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Asian Flu or Wall Street Virus? Price and Volatility Spillovers of the Tech and Non-Tech Sectors in the United States and Asia


  • Jorge A Chan-Lau
  • Iryna V. Ivaschenko


This paper, using T-GARCH models, finds that the United States has been the major source of price and volatility spillovers to stock markets in the Asian region during three different periods in the last decade: the pre-Long Term Capital Management crisis period, the "tech bubble" period, and the "stock market correction" period. Hong Kong SAR , Japan, and Singapore also were important spillover sources within the Asian region and affected United States to a lesser degree during the "stock market correction" period. There is also evidence of structural breaks in the stock price and volatility dynamics induced during the "tech bubble" period.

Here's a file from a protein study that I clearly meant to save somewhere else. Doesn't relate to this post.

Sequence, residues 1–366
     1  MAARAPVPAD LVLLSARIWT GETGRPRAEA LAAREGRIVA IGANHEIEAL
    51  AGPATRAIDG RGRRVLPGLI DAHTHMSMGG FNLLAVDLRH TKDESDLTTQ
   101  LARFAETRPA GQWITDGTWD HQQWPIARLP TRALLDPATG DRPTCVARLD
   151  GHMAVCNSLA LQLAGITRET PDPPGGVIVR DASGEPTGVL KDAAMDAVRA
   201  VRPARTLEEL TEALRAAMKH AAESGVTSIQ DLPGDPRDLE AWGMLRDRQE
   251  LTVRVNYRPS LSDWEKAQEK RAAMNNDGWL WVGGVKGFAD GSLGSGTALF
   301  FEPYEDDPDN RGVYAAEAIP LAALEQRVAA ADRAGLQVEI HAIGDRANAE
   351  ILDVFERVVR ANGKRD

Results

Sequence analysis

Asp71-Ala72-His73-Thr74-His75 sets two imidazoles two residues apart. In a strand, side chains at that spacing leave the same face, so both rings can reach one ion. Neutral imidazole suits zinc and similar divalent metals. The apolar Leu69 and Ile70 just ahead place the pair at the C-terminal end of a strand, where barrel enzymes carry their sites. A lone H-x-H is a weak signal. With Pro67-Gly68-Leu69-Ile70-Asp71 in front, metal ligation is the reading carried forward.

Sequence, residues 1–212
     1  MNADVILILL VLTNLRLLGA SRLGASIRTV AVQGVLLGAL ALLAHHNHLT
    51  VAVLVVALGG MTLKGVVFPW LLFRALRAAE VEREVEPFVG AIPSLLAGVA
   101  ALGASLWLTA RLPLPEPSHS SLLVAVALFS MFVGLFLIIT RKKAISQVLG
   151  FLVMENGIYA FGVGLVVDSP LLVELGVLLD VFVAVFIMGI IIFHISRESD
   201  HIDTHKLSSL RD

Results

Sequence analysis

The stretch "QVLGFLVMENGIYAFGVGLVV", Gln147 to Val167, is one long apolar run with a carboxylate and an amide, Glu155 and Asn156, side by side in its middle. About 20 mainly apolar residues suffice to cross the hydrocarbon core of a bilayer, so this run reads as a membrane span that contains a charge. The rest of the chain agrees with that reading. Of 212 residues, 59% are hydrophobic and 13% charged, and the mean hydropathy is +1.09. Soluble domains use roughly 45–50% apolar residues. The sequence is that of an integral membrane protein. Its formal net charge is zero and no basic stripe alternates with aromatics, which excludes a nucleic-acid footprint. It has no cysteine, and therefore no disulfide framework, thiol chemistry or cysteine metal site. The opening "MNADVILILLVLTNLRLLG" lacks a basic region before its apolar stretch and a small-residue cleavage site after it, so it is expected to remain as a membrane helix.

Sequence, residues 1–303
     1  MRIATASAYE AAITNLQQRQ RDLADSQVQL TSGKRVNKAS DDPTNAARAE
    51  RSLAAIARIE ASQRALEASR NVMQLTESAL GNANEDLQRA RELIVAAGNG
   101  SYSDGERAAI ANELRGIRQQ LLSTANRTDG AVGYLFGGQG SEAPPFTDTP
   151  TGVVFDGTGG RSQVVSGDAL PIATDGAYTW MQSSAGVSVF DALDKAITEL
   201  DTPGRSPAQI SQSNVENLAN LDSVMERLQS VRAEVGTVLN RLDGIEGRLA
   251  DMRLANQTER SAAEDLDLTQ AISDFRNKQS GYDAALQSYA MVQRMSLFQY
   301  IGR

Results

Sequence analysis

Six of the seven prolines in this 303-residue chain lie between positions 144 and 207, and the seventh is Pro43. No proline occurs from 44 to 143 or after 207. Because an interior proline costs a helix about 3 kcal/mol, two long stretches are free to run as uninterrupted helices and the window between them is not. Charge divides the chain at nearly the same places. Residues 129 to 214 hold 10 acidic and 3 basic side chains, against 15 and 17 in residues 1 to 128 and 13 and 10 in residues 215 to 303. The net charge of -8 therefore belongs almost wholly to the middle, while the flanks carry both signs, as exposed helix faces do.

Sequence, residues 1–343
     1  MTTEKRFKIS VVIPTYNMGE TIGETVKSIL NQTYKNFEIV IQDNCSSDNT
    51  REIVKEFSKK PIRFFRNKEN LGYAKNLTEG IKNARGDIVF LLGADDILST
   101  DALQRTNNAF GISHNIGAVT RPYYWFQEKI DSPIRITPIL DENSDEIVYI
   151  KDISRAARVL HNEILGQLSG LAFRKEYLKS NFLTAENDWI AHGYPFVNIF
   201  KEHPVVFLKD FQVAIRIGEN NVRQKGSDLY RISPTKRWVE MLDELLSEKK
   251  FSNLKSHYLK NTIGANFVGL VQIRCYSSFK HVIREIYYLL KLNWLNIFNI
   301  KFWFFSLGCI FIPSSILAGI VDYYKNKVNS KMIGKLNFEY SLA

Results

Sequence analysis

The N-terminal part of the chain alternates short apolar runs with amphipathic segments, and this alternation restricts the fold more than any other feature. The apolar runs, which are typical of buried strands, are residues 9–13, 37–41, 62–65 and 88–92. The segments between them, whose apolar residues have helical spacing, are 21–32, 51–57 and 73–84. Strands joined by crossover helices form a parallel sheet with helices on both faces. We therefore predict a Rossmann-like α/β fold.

Suggested Citation

  • Jorge A Chan-Lau & Iryna V. Ivaschenko, 2002. "Asian Flu or Wall Street Virus? Price and Volatility Spillovers of the Tech and Non-Tech Sectors in the United States and Asia," IMF Working Papers 02/154, International Monetary Fund.
  • Handle: RePEc:imf:imfwpa:02/154

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    References listed on IDEAS

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    Cited by:

    1. repec:ebl:ecbull:v:6:y:2007:i:27:p:1-7 is not listed on IDEAS
    2. Jorge A. Chan-Lau & Donald J. Mathieson & James Y. Yao, 2004. "Extreme Contagion in Equity Markets," IMF Staff Papers, Palgrave Macmillan, vol. 51(2), pages 1-8.
    3. Chan-Lau, Jorge A. & Ivaschenko, Iryna, 2003. "Asian Flu or Wall Street virus? Tech and non-tech spillovers in the United States and Asia," Journal of Multinational Financial Management, Elsevier, vol. 13(4-5), pages 303-322, December.
    4. Li, Huimin & Jeon, Bang Nam & Cho, Seong-Yeon & Chiang, Thomas C., 2008. "The impact of sovereign rating changes and financial contagion on stock market returns: Evidence from five Asian countries," Global Finance Journal, Elsevier, vol. 19(1), pages 46-55.


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